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The Results of Interviewing 100 Couples – Nate Klemp, Ph.D. – 353

Marriage and relationships require give and take on both sides. But what if you feel like you’re giving a lot more than your partner is—or vice versa? How do you get past the conflict and competition aspects of a relationship and reach a place where you can experience a balanced, more fulfilled relationship? Check out this week’s episode where I talk to Nate Klemp, author and marriage anthropologist, who has some great things to say.

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Overcoming Money Fears & Getting Empowered – Garrett Gunderson – 352

Navigating money fears in relationships can be a big source of conflict, but finance guru Garrett Gunderson has tons of knowledge to help.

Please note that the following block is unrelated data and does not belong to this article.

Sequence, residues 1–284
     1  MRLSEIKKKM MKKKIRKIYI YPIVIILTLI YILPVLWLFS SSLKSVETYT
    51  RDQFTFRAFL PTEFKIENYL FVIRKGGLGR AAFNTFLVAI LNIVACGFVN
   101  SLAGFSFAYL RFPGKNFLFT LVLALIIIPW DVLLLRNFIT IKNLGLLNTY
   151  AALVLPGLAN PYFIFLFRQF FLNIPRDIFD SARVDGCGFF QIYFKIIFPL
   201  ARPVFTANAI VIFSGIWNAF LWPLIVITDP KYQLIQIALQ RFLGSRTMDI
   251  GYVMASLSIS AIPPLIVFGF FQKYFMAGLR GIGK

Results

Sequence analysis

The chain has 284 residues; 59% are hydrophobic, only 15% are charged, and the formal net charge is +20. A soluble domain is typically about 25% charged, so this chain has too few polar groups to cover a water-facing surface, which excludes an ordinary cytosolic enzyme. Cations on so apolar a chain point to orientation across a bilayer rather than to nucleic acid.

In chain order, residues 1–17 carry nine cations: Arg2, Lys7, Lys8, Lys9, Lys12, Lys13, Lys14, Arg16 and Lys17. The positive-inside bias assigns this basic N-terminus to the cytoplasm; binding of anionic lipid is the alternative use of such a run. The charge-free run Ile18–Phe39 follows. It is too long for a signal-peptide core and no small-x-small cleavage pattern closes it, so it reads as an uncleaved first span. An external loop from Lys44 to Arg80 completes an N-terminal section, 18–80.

As with anything in life, balance is key. In this week’s episode, Garrett and I talk about finding that balance and following a path of growth by learning from your past. Mindset is a great place to start, and Garrett shows how balancing your mindset can affect every area of your life, including your finances.

Check out the episode here:


How Some Men Show Their Love – Jayson Gaddis – 351

As a man, I can fully relate when I hear from other men that they’re not sure what their partner wants when it comes to showing love. 

It’s common for a man to get accustomed to showing he loves and cares for his partner in ways that are within his comfort zone.